Cal Marvin’s name was synonymous with the Warroad Lakers. As the leader of the Lakers, Cal was known for his ability to get the guys needed to be a winning team, and then manage their ice time. In addition, for 50 years, he was loved by the guys who played for him. They knew he cared and would do whatever he could to help them out.
“Dad’s commitment to hockey and the Lakers was so unwavering,” Cal’s son Mike said. “But the same commitment that he had for the Lakers Hockey Club is the same commitment that he has for his family. And I don’t just mean our family. I mean his brothers, his cousins, his nephews, everyone.”
This was not beer-league or no-check hockey. This was intense, 60-minute stop time, full-contact hockey. It was common to play with pain, and if you weren’t prepared to play, you would be leaving worse than you arrived.
How good was the Warroad Lakers Senior Men’s Hockey Club?
In 1960, the U.S. Olympic team traveled to Warroad, only to get beaten by the Lakers. This wasn’t the first time the Lakers beat a U.S. national squad. In 1958 they did it not once, but twice.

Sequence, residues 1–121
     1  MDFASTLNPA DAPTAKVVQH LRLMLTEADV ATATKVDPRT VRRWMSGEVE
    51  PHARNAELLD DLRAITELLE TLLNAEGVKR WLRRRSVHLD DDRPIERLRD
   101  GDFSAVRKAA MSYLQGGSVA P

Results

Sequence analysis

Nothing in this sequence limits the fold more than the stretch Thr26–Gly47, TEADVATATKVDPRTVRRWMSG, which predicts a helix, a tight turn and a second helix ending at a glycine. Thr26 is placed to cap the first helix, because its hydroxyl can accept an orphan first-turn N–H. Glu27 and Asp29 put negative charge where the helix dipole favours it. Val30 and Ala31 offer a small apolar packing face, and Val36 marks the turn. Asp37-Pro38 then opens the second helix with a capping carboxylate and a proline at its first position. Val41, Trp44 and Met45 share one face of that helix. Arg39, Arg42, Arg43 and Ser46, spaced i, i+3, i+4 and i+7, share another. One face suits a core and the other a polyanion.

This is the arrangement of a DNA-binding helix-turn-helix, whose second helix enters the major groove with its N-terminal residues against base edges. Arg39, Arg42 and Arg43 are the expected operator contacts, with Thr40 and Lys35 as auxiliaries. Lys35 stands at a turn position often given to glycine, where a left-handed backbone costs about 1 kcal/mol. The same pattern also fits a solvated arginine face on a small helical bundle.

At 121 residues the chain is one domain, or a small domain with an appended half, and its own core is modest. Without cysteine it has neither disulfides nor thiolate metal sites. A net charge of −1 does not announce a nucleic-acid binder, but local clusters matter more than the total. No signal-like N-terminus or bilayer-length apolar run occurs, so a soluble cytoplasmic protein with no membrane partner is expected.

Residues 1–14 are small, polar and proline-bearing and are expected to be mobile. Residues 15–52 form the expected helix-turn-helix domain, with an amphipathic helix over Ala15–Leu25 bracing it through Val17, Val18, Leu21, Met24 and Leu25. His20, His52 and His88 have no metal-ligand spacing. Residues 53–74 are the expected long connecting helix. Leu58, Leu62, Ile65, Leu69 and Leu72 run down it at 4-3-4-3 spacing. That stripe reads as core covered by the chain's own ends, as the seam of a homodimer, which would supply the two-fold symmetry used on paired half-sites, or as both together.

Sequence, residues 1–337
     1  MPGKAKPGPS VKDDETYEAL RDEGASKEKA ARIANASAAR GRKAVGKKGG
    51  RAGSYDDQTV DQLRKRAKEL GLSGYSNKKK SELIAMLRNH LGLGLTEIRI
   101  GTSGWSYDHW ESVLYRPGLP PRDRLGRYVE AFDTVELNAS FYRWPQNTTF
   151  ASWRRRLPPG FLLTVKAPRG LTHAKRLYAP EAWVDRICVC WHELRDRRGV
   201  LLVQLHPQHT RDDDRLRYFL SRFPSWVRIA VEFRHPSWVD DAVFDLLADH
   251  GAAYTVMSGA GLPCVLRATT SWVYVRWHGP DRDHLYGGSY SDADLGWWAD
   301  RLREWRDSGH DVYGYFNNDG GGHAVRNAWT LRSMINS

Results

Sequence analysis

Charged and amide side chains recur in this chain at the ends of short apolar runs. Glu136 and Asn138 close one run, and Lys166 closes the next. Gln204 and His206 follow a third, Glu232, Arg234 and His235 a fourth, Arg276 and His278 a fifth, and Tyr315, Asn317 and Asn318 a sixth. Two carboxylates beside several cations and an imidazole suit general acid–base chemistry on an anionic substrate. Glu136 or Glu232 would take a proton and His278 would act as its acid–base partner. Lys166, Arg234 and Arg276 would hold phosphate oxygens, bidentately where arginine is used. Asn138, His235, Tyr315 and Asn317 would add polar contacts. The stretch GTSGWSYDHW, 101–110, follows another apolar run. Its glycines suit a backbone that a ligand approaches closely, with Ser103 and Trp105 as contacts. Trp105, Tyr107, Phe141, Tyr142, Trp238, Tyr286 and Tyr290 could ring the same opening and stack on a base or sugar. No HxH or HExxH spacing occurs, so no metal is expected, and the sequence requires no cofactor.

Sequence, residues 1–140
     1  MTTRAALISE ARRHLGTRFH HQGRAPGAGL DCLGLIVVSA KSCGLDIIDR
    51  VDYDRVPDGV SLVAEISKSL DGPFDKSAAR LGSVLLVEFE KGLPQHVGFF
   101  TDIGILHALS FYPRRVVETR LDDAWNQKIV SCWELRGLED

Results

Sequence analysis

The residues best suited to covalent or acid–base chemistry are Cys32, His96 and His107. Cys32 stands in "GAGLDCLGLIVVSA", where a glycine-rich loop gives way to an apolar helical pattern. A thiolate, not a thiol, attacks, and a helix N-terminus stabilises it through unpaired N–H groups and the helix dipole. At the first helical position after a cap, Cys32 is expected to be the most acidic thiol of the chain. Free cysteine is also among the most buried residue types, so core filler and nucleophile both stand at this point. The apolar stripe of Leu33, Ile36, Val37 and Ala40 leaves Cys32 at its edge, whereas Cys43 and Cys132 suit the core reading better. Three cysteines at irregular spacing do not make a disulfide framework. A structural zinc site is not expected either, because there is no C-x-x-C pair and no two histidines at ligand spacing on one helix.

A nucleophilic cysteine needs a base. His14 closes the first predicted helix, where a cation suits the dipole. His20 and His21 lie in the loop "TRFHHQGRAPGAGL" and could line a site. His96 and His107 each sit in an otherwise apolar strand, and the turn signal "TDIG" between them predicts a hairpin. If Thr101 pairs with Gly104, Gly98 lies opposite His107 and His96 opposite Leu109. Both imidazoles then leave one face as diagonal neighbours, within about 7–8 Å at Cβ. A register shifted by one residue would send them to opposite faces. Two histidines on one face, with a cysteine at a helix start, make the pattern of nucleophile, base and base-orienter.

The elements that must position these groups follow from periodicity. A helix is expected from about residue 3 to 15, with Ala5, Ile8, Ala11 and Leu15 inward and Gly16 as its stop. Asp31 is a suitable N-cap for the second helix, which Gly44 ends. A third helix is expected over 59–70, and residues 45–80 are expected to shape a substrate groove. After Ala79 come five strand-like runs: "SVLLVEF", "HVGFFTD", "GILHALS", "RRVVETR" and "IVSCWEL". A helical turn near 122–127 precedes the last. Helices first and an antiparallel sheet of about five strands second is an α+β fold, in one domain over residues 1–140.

Later, that 1960 U.S. team would take the Olympic gold medal in Squaw Valley with Warroad players Roger and Billy Christian on it.
Not only did Bill and Roger Christian play on the first U.S. team to ever take the Olympic gold medal, but for many seasons, they also played for the Lakers.
U.S. National Team and Olympian players that donned the Warroad Lakers jersey included the likes of John Noah, Dan McKinnon, Gordon Christian, Roger Christian, Bill Christian, Sam Grafstrom, Dayton Grafstrom, Myron Grafstrom, Bob Lund, Jim Stordahl, Henry Boucha, Blaine Comstock and David Christian. Cal Marvin also coached the 1958 team and was manager of the 1965 U.S. National team.
Interestingly enough, the United States has never won a gold medal in the Olympics without a member of its team being from Warroad.